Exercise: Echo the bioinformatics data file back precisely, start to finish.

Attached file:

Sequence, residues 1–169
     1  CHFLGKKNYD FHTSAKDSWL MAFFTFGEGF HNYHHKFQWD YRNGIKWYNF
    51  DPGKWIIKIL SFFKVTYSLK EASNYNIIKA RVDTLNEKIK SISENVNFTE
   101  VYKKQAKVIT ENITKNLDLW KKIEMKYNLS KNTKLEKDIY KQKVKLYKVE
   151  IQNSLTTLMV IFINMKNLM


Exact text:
Sequence, residues 1–169
     1  CHFLGKKNYD FHTSAKDSWL MAFFTFGEGF HNYHHKFQWD YRNGIKWYNF
    51  DPGKWIIKIL SFFKVTYSLK EASNYNIIKA RVDTLNEKIK SISENVNFTE
   101  VYKKQAKVIT ENITKNLDLW KKIEMKYNLS KNTKLEKDIY KQKVKLYKVE
   151  IQNSLTTLMV IFINMKNLM